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Base and Quote

Base and Quote

Base and quote are two common terms found in the forex industry. But what do they mean?

Well, currencies are always found in pairs.

This is because the forex transaction is an exchange of one currency to another.

Let’s say a person needs to buy a foreign currency,

He/she needs to sell their local currency to obtain the foreign one.

The currencies involved in the exchange will be displayed as shown.

The currency to the left is called the “base”, and the currency to right is called the “secondary".

An example:

A trader decides to buy the pair the EUR/USD. By buying this pair, the trader is buying the EURO and selling the US Dollar.

The opposite is true if this trader sold the EUR/USD pair. By selling it, the trader is selling the Euro and buying the US Dollar.

Whenever you buy or sell a pair, always refer to the base currency first.

For example: EUR/USD = 1.1700

This means, each 1 euro is worth 1.1700 US dollars. In other words, to be able to get one euro, it costs 1.1700 US Dollar.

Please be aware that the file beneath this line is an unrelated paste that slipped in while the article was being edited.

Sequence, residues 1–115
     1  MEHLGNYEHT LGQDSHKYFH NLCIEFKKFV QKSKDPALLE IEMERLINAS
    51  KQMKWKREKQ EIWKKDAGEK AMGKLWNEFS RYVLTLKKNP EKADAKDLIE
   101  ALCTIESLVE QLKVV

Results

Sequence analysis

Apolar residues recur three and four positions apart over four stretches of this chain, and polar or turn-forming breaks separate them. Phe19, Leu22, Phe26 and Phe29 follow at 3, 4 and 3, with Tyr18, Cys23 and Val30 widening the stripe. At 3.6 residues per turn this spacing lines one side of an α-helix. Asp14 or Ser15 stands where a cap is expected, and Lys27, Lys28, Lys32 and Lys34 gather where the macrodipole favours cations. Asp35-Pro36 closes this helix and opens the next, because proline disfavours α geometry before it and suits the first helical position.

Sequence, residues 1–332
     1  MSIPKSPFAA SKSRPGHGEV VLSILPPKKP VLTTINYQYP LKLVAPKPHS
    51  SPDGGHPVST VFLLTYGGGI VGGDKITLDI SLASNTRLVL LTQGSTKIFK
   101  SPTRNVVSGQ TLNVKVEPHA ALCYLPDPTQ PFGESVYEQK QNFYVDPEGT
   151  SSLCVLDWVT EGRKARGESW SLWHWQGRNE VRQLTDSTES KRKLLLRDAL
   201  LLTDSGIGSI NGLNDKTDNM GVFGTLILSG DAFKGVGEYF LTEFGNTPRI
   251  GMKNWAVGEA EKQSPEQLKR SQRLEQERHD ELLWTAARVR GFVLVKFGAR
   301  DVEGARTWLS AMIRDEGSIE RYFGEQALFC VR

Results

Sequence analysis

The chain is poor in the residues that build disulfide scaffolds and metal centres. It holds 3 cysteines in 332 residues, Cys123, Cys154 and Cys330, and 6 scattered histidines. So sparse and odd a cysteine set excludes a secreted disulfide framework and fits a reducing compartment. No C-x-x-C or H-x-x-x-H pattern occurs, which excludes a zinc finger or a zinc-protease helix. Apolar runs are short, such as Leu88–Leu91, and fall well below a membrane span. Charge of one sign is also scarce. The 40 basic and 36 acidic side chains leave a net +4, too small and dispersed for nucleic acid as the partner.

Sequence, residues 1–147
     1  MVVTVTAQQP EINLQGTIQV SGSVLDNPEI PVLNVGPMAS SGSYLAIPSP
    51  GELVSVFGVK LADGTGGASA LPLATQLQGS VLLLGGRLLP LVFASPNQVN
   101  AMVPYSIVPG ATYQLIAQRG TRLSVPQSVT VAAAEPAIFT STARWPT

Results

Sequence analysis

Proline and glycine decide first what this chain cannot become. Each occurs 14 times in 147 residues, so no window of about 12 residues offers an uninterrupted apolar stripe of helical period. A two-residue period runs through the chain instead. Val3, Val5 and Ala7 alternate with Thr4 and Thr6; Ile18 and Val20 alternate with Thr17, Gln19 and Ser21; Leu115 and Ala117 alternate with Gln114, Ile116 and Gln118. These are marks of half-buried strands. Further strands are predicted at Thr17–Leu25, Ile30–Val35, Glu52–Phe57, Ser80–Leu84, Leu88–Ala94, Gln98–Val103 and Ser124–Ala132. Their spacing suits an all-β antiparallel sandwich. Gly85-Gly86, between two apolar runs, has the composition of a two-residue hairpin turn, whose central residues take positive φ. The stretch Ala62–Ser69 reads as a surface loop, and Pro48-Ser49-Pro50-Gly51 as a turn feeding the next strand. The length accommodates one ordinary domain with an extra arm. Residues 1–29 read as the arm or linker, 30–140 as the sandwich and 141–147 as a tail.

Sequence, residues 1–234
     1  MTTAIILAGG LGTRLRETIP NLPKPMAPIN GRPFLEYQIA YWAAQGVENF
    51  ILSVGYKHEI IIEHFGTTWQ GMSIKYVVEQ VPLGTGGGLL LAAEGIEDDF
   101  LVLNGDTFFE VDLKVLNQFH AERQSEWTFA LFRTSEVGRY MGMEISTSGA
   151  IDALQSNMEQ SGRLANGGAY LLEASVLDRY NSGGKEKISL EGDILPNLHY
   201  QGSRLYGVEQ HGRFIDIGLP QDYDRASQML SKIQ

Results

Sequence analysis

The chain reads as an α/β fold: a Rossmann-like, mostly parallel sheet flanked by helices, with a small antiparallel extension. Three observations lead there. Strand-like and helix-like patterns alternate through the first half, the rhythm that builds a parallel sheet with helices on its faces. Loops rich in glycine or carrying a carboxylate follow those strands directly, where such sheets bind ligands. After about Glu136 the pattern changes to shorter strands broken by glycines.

Basically, 1 unit of the base currency costs “X” units of the secondary currency.

Another common term in forex trading is “pip”. A pip is the change in the fourth decimal in a pair’s price.

For example, an increase by 1 pip in the EUR/USD rate will lead to a move from 1.1700 to 1.1701. But a decrease by 1 pip in the EUR/USD rate will lead to a move from 1.1700 to 1.1699.

The rates of Japanese Yen pairs are displayed differently with just two decimal points.

Let’s say USDJ/JPY = 135.10

So, an increase by 1 pip in the USD/JPY rate will lead to a move from 135.10 to 135.11. However, a decrease by 1 pip on the USD/JPY rate will lead to a move from 135.10 to 135.09.

The final note before ending this video, USD as a currency is always found to the left in a pair. However, with pairs containing one of these currencies (AUD, NZD, and EUR), the quotation will change. The USD will be quoted to the right as a secondary currency instead.

Thank you for listening.


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